The absence of an important lobby representing noncommercial interests, in fact, is the biggest gap in the Ottawa scene today. There is the National Anti-Poverty Organization for poor people, but it is grossly under-funded and its executive director, Marjorie Härtling, is a one-woman band. Andy Roman, formerly a lawyer with the Consumers Association, has recently established the Public Interest Advocacy Centre to represent causes before various regulatory agencies. His most prominent case was advocating the interests of consumers during hearings on the fifth consecutive application by Bell Canada for a rate increase. Again, Roman operates on a shoestring with one secretary and the consumer affairs department, which gave the centre a $100,000 grant last year, has told him to look for funding elsewhere.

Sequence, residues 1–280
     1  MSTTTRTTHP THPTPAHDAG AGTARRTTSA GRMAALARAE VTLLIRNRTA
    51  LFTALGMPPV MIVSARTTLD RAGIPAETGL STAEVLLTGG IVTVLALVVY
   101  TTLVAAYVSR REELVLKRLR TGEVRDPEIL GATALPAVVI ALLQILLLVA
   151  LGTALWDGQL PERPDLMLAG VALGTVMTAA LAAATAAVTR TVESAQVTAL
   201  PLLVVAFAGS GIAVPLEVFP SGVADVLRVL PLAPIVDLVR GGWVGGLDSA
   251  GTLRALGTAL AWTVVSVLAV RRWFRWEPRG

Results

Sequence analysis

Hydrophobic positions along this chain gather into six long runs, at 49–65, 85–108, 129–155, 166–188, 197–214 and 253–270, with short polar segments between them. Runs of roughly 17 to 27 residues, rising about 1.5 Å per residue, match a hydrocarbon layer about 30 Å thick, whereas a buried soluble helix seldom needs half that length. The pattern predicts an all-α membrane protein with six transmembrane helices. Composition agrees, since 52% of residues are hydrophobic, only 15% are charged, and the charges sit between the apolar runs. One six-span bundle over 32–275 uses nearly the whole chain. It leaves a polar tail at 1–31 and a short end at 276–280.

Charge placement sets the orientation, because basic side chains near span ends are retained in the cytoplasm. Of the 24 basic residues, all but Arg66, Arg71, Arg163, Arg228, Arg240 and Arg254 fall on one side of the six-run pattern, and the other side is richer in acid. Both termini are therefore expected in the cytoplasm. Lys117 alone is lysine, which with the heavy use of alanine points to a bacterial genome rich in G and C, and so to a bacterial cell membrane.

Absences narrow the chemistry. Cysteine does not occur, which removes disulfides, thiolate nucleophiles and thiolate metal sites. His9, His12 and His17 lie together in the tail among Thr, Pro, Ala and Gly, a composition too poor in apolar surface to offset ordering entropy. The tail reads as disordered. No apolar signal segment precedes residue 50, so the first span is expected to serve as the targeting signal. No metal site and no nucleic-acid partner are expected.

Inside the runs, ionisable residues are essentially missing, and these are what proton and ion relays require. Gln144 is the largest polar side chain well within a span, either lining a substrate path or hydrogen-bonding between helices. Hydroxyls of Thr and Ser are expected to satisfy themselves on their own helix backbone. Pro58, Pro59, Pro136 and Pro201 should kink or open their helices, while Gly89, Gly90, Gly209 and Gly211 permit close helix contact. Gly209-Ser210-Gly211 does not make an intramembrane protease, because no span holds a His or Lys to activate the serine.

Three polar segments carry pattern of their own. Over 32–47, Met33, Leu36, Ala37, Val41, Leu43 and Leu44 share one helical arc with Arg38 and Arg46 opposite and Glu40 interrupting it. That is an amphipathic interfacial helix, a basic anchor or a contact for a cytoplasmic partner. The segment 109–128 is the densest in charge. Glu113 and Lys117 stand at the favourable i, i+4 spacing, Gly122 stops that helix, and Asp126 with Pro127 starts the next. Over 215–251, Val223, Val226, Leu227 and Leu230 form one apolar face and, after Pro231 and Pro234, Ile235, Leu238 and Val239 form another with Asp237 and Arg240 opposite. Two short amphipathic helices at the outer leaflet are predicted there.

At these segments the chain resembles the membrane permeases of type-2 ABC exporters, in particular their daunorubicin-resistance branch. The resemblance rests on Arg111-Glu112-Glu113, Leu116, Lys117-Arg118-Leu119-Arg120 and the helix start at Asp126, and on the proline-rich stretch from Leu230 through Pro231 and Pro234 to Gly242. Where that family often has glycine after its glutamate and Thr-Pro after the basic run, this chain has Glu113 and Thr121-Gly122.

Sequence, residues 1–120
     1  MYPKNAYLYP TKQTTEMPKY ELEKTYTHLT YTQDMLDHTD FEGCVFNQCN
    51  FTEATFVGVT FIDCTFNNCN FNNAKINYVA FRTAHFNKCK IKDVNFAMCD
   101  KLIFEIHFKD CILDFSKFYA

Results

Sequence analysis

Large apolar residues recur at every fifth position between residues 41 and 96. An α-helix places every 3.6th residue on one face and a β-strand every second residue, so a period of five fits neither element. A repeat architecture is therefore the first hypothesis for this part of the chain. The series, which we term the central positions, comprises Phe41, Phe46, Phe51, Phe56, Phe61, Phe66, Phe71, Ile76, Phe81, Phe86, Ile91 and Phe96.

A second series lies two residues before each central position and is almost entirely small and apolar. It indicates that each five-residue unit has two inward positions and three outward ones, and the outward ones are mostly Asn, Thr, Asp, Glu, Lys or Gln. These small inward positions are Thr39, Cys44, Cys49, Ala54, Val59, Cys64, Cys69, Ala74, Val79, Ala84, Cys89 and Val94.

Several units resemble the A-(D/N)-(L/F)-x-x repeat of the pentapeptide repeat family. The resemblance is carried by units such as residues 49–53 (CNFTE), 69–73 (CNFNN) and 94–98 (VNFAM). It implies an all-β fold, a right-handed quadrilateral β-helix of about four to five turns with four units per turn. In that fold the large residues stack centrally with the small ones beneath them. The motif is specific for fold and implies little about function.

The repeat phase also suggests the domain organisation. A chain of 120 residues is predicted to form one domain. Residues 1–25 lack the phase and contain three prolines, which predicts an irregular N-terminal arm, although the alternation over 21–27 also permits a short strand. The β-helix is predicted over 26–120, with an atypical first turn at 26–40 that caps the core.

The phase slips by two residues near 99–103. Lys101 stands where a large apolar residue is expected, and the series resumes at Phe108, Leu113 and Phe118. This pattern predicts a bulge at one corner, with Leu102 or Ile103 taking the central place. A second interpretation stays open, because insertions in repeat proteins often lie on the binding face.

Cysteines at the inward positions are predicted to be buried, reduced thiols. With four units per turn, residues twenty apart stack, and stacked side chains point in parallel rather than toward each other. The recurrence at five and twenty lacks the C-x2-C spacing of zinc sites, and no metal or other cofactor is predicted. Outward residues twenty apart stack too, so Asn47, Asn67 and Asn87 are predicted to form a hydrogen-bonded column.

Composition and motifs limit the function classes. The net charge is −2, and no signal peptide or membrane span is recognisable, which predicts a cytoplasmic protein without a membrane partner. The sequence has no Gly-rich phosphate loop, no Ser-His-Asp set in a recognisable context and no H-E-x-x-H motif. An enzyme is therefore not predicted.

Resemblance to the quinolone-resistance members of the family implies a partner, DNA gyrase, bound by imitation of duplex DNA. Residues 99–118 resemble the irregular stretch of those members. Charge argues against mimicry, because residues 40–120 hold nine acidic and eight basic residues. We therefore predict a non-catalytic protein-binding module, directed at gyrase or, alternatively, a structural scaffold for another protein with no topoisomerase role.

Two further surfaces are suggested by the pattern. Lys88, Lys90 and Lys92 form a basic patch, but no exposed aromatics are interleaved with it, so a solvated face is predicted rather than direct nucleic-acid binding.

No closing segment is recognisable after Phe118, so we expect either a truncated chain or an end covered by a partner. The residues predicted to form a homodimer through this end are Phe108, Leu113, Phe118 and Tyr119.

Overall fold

In short, many lobbies are mounted on behalf of worthwhile projects, and many lobbies are well-heeled, well-organized, and well-advised, but the two phenomena seldom coincide. Much more frequently, as in the case of the gun lobby, a special interest group uses its political connections and organizational clout to promote legislative changes that are at best dubious, and at worst suspect. If politics is the art of the possible, lobbying is the art of greasing the skids to make the possible probable.^